An MAI is an appraiser that possesses the MAI designation, which is depicted following the appraisers name, such as
David J. Glauber, MAI.
The MAI stands for Member of the Appraisal Institute, which is the highest achievement that is available to an appraiser.
The requirements to become an MAI essentially double the requirements set forth for a certified general appraiser. Bear in
mind that an MAI Appraiser is also a Certified General Appraiser.
Virtually all large real estate transactions require an MAI Appraisal and the designation is recognized anywhere in the
If you need an MAI Appraisal, please give us a call, we would be delighted to perform your work.
David J. Glauber, MAI
What type of appraisal do I need?
This question must be answered before an appraisal can begin.
Appraisers and clients have historically created all types of descriptive names for appraisal reports. These different appraisal reports were standardized in the early 1990’s by
USPAP, or Uniform Standards of Professional Appraisal Practice, created from federal requirements.
TYPES OF APPRAISALS: COMPLETE APPRAISAL AND LIMITED APPRAISAL. Although USPAP was changed again in 2007, which eliminated the title of Complete Appraisal and
Limited Appraisal, the terms are still widely used.
The appraisal process includes inspecting the property, researching the data and concluding a value.
COMPLETE APPRAISAL means that USPAP was followed in every way. Practically speaking, it means that every approach to value that applies to the subject, was performed.
LIMITED APPRAISAL PROCESS The most recent changes in USPAP (Uniform Standards of Appraisal Practice) changed in 2006. The term limited appraisal no longer exist.
The report format is how the appraisal or value conclusion and research is conveyed to the client. The report can be one of three written reports:
-Restricted Use Report
-Self Contained Report (no longer used as of USPAP 2014)
These classifications can be simplified as small, medium and large, with restricted being the small and self contained being large.
The restricted report is only intended for a specified client that has knowledge of the property being appraised and the market where it is located. This report is not suitable for use
by a third party, such as a lending institution, court proceeding, estate planning, or anything else, which requires use by a third party. This report is functional for a property owner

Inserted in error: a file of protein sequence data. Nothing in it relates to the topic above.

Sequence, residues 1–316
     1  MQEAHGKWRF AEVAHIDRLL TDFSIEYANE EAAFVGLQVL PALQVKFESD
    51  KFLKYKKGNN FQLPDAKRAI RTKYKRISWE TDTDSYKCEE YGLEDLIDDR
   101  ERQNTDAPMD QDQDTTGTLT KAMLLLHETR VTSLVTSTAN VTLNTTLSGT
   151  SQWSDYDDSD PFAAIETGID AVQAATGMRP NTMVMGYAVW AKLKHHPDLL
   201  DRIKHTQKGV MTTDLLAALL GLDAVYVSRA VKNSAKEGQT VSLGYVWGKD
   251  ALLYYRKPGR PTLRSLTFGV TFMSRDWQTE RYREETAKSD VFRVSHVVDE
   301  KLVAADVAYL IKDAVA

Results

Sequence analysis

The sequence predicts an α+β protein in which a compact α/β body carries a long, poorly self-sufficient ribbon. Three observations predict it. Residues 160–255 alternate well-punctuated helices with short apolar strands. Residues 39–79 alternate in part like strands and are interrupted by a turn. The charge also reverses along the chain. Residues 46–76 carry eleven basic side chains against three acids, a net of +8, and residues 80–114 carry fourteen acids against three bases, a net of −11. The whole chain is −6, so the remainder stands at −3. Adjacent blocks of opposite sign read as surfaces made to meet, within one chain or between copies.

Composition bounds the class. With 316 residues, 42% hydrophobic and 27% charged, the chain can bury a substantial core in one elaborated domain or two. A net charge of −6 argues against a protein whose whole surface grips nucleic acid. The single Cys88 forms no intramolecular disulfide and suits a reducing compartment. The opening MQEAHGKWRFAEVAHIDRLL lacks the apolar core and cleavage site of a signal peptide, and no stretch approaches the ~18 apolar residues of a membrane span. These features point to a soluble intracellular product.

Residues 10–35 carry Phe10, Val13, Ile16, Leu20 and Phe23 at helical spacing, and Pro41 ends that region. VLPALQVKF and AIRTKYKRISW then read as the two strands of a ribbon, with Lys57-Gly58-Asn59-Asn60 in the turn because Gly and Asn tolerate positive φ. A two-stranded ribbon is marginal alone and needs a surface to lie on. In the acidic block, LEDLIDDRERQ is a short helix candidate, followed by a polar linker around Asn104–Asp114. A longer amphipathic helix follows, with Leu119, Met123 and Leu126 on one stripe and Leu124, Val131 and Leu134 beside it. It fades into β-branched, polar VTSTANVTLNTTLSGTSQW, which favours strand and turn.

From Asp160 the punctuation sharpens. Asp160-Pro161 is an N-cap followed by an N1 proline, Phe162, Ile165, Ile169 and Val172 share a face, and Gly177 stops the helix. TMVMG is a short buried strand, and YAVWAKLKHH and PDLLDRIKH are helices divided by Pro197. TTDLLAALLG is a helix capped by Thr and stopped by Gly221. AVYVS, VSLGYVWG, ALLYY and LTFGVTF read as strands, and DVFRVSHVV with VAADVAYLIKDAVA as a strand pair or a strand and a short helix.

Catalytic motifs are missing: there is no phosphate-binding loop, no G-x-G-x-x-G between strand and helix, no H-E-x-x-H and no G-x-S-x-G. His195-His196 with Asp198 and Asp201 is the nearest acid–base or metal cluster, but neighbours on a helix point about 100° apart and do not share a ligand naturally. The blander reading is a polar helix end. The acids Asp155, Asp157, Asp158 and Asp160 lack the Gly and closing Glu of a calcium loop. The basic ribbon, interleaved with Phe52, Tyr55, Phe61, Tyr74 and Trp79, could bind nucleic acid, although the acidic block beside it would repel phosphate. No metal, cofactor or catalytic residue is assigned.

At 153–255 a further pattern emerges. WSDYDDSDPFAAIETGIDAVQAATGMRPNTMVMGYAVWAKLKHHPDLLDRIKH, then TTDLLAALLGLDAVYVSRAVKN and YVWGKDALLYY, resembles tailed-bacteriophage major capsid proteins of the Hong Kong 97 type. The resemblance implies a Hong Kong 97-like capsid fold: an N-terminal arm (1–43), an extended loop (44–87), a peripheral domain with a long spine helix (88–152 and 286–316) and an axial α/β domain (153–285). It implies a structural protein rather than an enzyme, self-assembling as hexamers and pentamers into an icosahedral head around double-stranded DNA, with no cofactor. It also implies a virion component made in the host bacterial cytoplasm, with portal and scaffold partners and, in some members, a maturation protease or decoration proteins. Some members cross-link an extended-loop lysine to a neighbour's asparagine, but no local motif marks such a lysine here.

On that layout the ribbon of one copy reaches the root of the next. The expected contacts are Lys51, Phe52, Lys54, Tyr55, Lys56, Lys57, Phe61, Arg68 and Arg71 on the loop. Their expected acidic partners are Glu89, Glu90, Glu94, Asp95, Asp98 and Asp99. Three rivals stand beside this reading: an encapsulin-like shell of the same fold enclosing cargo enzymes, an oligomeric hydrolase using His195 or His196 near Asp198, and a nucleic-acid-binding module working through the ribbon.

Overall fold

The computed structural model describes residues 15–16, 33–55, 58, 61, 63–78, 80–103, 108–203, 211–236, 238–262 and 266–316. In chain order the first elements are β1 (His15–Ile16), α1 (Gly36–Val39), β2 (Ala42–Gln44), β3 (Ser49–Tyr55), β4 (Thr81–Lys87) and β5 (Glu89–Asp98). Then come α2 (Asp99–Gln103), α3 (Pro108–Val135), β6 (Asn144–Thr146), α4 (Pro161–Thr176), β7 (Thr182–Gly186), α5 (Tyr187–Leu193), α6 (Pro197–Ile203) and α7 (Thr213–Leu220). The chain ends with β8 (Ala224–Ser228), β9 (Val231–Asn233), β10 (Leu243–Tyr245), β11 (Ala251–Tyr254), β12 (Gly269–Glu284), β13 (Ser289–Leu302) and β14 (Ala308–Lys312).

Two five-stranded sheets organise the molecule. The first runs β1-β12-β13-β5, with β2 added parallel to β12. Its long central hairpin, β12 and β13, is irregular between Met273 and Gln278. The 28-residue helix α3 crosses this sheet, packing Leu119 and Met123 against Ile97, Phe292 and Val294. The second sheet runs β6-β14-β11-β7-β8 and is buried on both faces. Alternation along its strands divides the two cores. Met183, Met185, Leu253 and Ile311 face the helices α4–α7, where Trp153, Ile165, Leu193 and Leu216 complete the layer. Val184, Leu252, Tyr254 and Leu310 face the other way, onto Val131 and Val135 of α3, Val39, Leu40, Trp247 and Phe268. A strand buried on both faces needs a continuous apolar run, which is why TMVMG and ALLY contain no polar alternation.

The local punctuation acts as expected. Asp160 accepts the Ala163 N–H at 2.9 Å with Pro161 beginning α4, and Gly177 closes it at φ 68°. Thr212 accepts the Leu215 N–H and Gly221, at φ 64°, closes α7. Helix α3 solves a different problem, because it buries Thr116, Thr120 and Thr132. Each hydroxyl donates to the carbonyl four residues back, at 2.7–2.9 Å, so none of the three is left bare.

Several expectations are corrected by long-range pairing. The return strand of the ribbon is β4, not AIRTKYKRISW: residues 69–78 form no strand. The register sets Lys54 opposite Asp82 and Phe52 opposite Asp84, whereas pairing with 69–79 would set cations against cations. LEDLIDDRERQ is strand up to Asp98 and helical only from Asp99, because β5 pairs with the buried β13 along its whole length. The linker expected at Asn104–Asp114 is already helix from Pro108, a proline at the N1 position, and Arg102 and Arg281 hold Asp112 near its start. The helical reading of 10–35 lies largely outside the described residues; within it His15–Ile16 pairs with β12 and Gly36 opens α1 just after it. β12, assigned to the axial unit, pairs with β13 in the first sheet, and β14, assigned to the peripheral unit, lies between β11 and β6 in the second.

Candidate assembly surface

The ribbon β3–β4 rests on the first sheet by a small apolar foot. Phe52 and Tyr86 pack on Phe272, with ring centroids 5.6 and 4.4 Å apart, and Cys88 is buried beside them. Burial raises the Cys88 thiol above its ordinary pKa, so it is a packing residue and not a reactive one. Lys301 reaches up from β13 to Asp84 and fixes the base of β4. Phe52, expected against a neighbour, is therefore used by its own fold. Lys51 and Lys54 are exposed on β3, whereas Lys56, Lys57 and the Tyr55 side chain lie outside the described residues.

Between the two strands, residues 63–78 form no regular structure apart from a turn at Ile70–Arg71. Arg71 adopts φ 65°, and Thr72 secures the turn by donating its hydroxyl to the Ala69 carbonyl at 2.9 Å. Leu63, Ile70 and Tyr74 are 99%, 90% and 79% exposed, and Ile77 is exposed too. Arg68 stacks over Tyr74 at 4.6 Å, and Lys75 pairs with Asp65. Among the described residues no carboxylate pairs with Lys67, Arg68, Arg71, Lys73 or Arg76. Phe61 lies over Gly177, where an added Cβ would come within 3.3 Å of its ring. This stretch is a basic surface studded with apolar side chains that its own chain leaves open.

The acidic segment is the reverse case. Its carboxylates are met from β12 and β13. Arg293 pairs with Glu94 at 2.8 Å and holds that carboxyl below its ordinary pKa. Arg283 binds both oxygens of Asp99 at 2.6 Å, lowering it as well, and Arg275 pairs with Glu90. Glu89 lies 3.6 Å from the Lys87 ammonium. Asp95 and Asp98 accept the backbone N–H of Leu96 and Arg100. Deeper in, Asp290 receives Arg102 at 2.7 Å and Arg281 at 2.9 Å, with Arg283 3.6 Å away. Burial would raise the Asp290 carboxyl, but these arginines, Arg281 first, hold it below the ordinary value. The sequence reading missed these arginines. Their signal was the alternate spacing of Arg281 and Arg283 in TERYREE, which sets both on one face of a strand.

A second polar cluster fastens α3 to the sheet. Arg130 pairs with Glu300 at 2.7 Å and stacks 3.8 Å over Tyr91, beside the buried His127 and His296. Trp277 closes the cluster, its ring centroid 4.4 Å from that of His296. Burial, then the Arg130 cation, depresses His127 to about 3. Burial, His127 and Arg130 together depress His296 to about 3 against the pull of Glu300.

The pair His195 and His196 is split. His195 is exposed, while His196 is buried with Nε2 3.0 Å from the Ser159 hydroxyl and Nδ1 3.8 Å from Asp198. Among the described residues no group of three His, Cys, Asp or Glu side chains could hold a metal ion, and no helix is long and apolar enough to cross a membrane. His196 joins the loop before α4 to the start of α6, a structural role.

who wants to know how much to sell their property for.
APPRAISAL REPORT: This report is the workhorse of the industry. This is the most common report format used because it is functional in any situation. This report gives a
summary description of the property being appraised, the research included and the conclusions presented.
SELF CONTAINED: This report format no longer exist.
Does that answer your question about appraisal reports? If it did not please feel free to call American Appraisers Corp. See main page at AmericanAppraisers.net
How do I become a Commercial or Residential Appraiser?
Being a commercial appraiser is a rewarding field once you’re in it, but it is not easy to break into.
In order to be a real estate appraiser, you must be certified by your state. While it’s true that some states such as Kentucky do not “require” certification, almost all potential clients
will require it.
In order to get certified, you must take several real estate appraisal classes, take a test and document several thousand hours of experience under a certified appraiser. I believe
all states require these things, although not necessarily in that order.
While the education is easy enough to acquire, the experience is not. In order to accumulate enough experience in appraising, you must work under a certified appraiser for two
years at the minimum, (in Kentucky), usually it is much longer. During this period, one should not expect high pay. Once you have your certification, your supervisor will most likely
increase your pay. Unless your supervisor is just a %*!! I have been there.
Anyway, once you have your certification you can work for yourself. That being said, you may find it much easier to acquire new clients by staying with a larger firm, but it is now your
choice instead of you know who’s.
If you plan to become a real estate appraiser, it is best to find someone that will commit to hiring you before you start taking classes.
(502) 267-6344 Fax
10507 Watterson Tr., 2nd Flr
Louisville, KY. 40299
Appraising America one piece at a time